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A new connection from Lenze

28 April 2009

Two years ago at Hannover Messe 2007, Lenze presented for the first time the seamless integration of PC-based control systems into its L-force automation strategy. The industrial PCs were the result of its acquisition of Digitec. This year the company is showing another aspect of its determination to supply the complete automation system, with the introduction of its own in-house developed and manufactured I/O system.

Thomas Maschler, head of product management, controls
Thomas Maschler, head of product management, controls

Thomas Maschler, head of product management, controls, says it is another step on the way to move his company from being a drives specialist to becoming a solution provider and system partner.

Called the “L-force Controls I/O System 1000” the slim design 12.5 mm DIN-rail modules allow for the connection of up to eight 2.5 mm2 cables to be squeezed into a single module, which appear to be about 20% smaller than comparable Siemens modules.

The tag line is “user-oriented connection technology,” meaning that the inner workings of the new I/O system are easy for end users to handle. The modular system is designed to protect against polarity reversal, and the plug-in electronics allows faulty modules to be exchanged without removing the wires.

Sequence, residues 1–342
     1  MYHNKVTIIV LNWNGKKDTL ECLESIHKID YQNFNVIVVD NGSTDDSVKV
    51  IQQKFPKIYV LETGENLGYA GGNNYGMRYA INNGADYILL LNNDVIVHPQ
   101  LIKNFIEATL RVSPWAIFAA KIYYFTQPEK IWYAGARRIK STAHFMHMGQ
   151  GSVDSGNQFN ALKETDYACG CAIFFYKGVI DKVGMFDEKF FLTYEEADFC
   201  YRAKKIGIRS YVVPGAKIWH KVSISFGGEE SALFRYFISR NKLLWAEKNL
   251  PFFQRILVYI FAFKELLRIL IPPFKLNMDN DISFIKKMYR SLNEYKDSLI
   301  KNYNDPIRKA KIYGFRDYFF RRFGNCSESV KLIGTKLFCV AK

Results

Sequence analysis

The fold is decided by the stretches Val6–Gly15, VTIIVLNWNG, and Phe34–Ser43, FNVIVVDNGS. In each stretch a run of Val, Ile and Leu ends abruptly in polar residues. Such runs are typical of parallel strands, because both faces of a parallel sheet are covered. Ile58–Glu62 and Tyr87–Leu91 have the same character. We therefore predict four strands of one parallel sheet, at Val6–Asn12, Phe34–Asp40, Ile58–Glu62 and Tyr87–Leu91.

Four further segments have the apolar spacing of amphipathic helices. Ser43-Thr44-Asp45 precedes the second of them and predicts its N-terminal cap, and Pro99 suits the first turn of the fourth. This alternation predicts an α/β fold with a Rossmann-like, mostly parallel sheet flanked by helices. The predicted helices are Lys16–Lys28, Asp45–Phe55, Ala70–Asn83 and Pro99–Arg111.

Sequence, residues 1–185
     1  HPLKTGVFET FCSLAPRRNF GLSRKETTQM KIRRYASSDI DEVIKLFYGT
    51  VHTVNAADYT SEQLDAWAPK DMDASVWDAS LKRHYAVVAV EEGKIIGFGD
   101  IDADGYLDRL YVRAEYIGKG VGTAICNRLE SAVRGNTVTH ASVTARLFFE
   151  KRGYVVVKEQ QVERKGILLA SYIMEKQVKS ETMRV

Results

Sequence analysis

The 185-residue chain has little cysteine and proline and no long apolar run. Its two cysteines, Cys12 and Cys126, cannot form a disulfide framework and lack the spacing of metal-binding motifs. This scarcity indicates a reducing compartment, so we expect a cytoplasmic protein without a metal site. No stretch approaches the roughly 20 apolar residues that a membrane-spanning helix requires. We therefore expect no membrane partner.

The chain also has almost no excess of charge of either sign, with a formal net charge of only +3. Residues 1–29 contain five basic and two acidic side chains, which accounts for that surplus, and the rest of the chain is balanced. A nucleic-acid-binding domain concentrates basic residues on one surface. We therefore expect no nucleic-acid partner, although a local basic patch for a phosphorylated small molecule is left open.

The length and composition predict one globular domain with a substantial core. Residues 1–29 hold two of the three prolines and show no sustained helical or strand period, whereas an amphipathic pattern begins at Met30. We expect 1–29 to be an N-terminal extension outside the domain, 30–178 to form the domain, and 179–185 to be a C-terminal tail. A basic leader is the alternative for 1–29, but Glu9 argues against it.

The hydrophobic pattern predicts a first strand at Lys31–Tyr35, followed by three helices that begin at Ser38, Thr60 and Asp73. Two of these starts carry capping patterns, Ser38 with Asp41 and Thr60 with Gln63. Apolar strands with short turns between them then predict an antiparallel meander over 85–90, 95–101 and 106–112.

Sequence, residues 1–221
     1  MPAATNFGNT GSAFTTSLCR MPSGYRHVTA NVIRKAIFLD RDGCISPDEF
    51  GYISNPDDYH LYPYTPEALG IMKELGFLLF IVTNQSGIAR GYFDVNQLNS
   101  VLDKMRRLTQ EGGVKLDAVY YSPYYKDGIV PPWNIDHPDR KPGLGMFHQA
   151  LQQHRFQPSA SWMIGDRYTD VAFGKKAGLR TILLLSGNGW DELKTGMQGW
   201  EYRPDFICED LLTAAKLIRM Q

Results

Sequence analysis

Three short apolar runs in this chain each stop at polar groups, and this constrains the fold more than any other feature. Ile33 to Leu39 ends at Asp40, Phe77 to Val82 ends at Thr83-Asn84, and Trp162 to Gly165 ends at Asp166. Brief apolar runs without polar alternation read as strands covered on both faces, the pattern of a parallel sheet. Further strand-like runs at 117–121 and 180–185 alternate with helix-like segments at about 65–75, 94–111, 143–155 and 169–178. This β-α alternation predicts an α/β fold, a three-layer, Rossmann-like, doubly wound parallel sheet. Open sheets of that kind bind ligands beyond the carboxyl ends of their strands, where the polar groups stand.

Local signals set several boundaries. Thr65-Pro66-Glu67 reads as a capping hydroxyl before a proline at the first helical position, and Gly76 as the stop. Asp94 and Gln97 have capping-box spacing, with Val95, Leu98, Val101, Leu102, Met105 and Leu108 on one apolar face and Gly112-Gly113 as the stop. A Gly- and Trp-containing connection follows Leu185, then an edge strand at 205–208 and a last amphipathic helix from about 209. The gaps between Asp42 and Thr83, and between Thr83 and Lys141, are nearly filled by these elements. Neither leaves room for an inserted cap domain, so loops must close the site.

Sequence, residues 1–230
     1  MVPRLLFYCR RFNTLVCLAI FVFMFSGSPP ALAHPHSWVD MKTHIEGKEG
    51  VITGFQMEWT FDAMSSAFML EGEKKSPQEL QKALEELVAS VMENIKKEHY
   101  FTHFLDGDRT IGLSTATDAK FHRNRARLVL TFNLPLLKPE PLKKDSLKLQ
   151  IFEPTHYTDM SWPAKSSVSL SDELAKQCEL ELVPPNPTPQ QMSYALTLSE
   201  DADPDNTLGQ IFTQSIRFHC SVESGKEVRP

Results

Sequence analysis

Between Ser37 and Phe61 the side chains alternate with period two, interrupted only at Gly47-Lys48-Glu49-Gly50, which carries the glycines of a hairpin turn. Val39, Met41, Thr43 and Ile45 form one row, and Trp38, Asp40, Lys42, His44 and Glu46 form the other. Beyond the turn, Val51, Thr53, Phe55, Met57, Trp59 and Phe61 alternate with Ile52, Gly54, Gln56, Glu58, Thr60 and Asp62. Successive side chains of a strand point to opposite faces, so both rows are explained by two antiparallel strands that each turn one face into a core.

Lenze says its labeling and diagnostics display with its bright LEDs are designed so that they can be easily read in a poorly lit control cabinet. Each channel-LED is uniquely assigned to a labelling field. In this way, three main features—diagnostic ability, readability, and labeling—are brought together in an optimum configuration in the smallest of spaces.

Mr. Maschler also thinks users will appreciate the stepped form of the connection level with tension-spring technology for connecting the wires.

Although exact specifications weren’t released, the company says it is suitable for real-time architectures because it “meets even highest speed requirements” by “combining a minimum internal cycle time with a time stamp.”

There are the standard bus couplers for CANopen and PROFIBUS, as well as for EtherCAT.

With the pluggable electronics, modules can be quickly changed whenever service or maintenance work is performed. The station can be assembled completely without tools, and up to 64 modules can be configured—in any order—to form a station. The modules are plugged into each other using the integrated backplane bus, so there is no separate backplane bus.


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